A site that describes its mission by saying that “we want to aware every one of the latest developments in different scientific disciplines and the pillar concepts on which the basis of science are laid” has at last revealed the answer to the ancient question, “Which came first: the chicken or the egg?”
The site tells us that this is the answer given by science, and therefore definitive. According to researchers who did research, “the protein which makes egg shells is only produced by chickens and not the other way around, so the egg can only exist if it has been created inside a chicken. Therefore, it’s the chicken that came first, not the egg.”
This is an interesting, if badly expressed (what does “the other way around” mean?), piece of reasoning. But it is not science: it is philosophy. How do we know the difference? A philosophical proposition may be defined as “a proposition whose exact contrary may be, and in fact is, held by other sane thinkers”—as opposed to a scientific proposition, to refute which it is necessary to do science.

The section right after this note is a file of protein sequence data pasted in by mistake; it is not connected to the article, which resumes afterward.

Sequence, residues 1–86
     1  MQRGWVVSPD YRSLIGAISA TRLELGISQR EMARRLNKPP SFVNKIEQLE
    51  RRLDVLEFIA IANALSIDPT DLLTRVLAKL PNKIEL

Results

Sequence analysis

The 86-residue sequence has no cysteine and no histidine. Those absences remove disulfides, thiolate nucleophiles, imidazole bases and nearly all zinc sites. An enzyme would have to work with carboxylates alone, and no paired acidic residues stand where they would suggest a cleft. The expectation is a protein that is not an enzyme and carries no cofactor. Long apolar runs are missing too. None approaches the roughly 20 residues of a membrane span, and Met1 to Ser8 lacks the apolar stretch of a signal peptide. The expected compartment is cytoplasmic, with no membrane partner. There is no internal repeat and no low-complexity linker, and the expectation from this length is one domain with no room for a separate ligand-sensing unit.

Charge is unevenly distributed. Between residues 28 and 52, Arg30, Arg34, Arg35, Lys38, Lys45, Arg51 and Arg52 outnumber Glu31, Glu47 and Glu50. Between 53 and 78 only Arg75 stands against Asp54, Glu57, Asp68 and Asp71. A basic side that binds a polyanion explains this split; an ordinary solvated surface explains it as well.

In this case everything depends on what we mean by egg. At this moment, there is a nest of robins on the windowsill outside. The young hatched from eggs; they were not chicken eggs, but they were eggs. Young turtles hatch from eggs. Young dinosaur ancestors of chickens hatched from eggs. As a fact of nature, the egg existed before the chicken. A hundred million years AP (ante pullum), there were eggs. The egg came first.
This is not complicated philosophy, by the way: this answer was given to Dr. Boli by a ten-year-old child, from whom he borrows it with thanks.
Well, then we mean a chicken egg. But here is a simple argument from evolutionary biology for the contrary proposition, even assuming that definition. Speciation proceeds by degrees, but at some point a mutation occurred that created the first chicken rather than proto-chicken. That mutation was in an embryo in an egg laid by a proto-chicken. Therefore, it was an egg before it was a chicken—quod erat demonstrandum.
Incidentally, that other site’s conclusion seems to be the writer’s extrapolation from the abstract of a study that does not necessarily articulate that conclusion itself. Dr. Boli decided not to pay $59 for the whole study in PDF form, and he suspects that the writer at that other site made a similarly frugal decision.
On the same site, you can read “Wearing The Same Shirt Everyday Is A Sign Of Genius, Psychologist Suggests.” This, again, is presented as science, but again it is philosophy. It is quite possible to argue for the contrary proposition: Wearing the same shirt every day is a sign of being too stupid to operate the washing machine.